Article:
CULTURE KLASH: Right to Learn

By on March 15, 2017

Film screening and art project empower young women and expand their perspectives on the world.

JHHS senior Bridget Murphy opens the eyes of local middle school girls with her capstone project.

JACKSON HOLE, WY – When Bridget Murphy started her capstone internship at Interconnections 21 (IC21) this school year, she was excited to help with the screening of He Named Me Malala. The film follows the life and work of Nobel Peace Prize Laureate Malala Yousafzai, a 19-year-old Pakistani girl who was shot in the head by the Taliban in 2012. Her offense?  Advocating that girls have the right to go to school just like their male classmates.

Murphy, a senior at Jackson Hole High School, devised a way to deepen the impact of the film on young female viewers. Talking with IC21 director Shelby Read, Murphy decided she would work with the 30 middle-school girls in the Girls Actively Participating (GAP!) program. She scoured the Malala Fund website and found pictures of murals created by people around the world in honor of Malala’s call for equal education for girls and boys. “I fell in love with the idea of using art to demonstrate knowledge and understanding,” Murphy said.

Murphy conducted her workshop with the GAP! girls earlier this month. After giving a brief presentation about Malala and threats to girls’ education internationally, she gave them several options for creative expression. She offered prompts such as, “Write a letter to Malala describing what your education means to you,” or “Write a poem about the importance of education,” or “What is something you are strongly passionate about in school?” The girls responded in a variety of mediums.

“I was beyond impressed by their levels of creativity and how their minds interpreted the information I had just presented to them,” Murphy said.

GAP! director Jessica Yeomans said that Murphy served as a role model to the younger girls. “By having Bridget present her capstone project to the girls, they could witness what one senior’s competence and confidence looks like.”

Now the middle school girls share Murphy’s knowledge about what it means to have access to education. Murphy’s personal interest in Malala’s story came from reading the autobiography, I Am Malala. “Growing up, Malala worked extremely hard and loved to go to school to compete with her classmates for top honors,” Murphy explained. “She was so passionate about being educated that even after her father was threatened and the Taliban forbade [girls’] education in her valley, she and her friends found ways to go to school.”

Murphy contrasted Malala’s educational challenges with her own. “I used to complain about the stressful amounts of homework I had every night.”

But after reading Malala’s book and researching education across the world, Murphy’s perspective changed. “I realized that my problems of being in school were something that millions of kids would dream of having. I became cognizant of the safe, encouraging, and beneficial space that school is.”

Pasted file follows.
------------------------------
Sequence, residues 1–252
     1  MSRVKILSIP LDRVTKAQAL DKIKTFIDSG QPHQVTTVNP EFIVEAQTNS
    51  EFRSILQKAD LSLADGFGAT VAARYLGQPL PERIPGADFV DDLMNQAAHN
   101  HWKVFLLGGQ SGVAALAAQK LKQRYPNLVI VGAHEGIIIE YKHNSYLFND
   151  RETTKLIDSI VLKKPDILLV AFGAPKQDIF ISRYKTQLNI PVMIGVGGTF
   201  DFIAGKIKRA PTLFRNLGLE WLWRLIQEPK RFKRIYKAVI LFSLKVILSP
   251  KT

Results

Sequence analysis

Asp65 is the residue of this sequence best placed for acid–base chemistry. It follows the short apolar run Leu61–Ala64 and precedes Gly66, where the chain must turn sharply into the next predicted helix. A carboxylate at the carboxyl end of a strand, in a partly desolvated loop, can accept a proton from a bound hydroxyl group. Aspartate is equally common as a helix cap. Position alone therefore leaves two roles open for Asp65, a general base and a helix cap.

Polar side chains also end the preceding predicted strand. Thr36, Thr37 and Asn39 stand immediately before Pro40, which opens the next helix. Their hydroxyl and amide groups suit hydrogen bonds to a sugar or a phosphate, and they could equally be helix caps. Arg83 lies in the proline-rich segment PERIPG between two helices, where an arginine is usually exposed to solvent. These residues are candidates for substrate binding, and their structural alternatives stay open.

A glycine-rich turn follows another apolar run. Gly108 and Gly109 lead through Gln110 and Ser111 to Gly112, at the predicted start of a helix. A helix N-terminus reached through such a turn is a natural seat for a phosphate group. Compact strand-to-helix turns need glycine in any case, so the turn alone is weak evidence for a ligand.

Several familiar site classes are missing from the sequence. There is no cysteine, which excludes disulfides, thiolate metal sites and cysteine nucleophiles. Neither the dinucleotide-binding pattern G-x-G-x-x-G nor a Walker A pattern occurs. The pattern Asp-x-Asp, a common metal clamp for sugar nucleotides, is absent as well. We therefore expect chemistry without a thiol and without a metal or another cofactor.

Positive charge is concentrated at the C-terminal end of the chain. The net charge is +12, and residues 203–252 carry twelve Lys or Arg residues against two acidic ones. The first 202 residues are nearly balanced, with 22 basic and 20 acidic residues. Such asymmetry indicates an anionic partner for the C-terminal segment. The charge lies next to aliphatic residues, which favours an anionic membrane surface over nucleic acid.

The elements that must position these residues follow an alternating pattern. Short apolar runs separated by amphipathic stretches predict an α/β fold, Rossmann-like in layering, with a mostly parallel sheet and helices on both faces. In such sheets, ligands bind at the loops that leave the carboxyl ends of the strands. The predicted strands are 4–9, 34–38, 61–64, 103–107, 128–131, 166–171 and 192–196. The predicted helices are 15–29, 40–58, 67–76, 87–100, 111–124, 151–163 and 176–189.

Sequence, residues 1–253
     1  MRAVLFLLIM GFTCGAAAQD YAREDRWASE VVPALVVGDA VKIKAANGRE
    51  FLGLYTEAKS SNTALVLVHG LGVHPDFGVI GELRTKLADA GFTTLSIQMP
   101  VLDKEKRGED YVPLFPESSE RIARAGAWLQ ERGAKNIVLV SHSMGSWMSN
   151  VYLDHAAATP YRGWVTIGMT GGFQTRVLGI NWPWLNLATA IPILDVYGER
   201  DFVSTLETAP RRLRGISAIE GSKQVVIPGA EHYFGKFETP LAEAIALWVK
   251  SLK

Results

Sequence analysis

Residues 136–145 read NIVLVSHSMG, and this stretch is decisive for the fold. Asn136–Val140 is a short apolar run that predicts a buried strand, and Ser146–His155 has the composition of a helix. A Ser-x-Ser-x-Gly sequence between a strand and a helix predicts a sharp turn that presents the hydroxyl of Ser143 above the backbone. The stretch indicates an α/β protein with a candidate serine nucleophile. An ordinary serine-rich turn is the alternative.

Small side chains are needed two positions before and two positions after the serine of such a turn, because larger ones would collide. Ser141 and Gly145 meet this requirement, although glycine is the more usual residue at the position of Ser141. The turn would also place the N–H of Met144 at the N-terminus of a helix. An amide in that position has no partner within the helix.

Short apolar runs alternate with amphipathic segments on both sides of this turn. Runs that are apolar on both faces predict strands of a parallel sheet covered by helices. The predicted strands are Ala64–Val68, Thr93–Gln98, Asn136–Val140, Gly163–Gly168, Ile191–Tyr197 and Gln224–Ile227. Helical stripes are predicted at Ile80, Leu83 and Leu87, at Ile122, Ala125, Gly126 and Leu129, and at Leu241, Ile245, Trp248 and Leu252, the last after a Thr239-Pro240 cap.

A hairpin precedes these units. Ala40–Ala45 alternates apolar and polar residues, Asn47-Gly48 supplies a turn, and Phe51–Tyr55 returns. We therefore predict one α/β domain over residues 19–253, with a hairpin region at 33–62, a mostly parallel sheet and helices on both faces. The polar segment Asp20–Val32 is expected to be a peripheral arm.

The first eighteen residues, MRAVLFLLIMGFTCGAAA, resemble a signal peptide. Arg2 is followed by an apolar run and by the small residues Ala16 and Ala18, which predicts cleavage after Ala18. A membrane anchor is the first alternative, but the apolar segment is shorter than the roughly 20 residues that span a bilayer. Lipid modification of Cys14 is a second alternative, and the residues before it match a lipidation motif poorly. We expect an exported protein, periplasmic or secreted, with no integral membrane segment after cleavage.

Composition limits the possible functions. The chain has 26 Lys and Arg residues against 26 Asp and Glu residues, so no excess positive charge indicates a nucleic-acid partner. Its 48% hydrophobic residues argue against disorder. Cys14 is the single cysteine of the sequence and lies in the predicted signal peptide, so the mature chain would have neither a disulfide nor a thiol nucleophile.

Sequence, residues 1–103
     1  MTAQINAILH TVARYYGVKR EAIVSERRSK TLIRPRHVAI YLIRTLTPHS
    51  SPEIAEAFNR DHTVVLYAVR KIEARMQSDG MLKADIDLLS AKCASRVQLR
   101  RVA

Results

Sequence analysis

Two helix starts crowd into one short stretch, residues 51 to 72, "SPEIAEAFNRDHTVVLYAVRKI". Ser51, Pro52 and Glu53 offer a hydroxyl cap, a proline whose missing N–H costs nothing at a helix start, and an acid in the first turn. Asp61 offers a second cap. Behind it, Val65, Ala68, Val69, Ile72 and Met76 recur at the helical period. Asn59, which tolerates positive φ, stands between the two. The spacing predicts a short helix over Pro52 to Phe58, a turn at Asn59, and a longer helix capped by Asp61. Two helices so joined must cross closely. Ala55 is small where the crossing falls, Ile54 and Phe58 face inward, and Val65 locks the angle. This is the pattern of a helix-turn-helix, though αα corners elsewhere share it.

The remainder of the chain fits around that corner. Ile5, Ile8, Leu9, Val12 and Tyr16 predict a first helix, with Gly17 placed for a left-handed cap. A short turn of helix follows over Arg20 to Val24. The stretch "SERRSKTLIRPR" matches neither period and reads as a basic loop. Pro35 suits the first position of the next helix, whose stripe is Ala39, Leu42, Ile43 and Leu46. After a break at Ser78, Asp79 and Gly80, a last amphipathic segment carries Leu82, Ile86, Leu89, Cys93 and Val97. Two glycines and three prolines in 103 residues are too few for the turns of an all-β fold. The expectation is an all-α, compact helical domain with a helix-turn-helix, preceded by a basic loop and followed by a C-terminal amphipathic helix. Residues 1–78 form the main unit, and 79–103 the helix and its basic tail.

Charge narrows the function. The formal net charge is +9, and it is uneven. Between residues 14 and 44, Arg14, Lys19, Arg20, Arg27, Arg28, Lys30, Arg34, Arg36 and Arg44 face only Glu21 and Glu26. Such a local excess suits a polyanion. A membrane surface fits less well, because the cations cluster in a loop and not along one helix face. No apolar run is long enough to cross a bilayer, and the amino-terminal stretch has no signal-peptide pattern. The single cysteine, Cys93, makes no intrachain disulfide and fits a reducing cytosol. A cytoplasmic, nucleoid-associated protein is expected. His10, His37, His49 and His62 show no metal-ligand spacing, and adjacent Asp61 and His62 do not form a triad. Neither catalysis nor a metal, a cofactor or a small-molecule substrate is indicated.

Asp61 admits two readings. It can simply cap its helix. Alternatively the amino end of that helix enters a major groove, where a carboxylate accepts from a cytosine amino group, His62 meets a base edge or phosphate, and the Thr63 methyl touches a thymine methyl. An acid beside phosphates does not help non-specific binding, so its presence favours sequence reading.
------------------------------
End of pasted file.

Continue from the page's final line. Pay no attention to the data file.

Everyday bravery

He Named Me Malala is an Emmy-nominated film by acclaimed documentary filmmaker Davis Guggenheim (An Inconvenient Truth) that takes viewers inside Malala’s life, her close relationship with her father, and her impassioned speeches on the rights of girls to attend school.

Reviewer Peter Bradshaw wrote in The Guardian, “The film is incidentally valuable in showing that her campaigning identity did not begin with being shot, like some comic-book superheroine.”

Indeed, Yeomans says that one of the powerful aspects of Malala’s story is that she insists that she is just a normal girl and that her bravery is not extraordinary.

“Malala knows what she values in life, and couldn’t imagine a world where she didn’t live those values everyday,” Yeomans said. “She has inspired the world to stay true to themselves and be a little braver each day.”

Murphy said working with the GAP! girls was her way of sharing with others her own realization about how fortunate she is to live in a country that values education as a fundamental right.

“I had asked some of the middle school girls before I started my presentation if they liked and appreciated school and many said ‘No,’” Murphy reported. “But by the end of our day, after being exposed to the heart-rending struggles that girls their age face every day around the world, those answers changed to ‘Yes.’”

IC21’s Read explained: “Part of why IC21 is in engaged in the kind of work we do is because of our geographical isolation. It’s critical that we bring stories, people, art, and ideas from around the world into our community.”  PJH

IC21 and GAP! present He Named Me Malala, 4:30 p.m. Thursday, March 16 at Teton County Library.

About Meg Daly

Meg Daly is a freelance writer and arts instigator. She grew up in Jackson in the 1970s and 80s, when there were fewer fences, but less culture. Follow Meg on Twitter @MegDaly1

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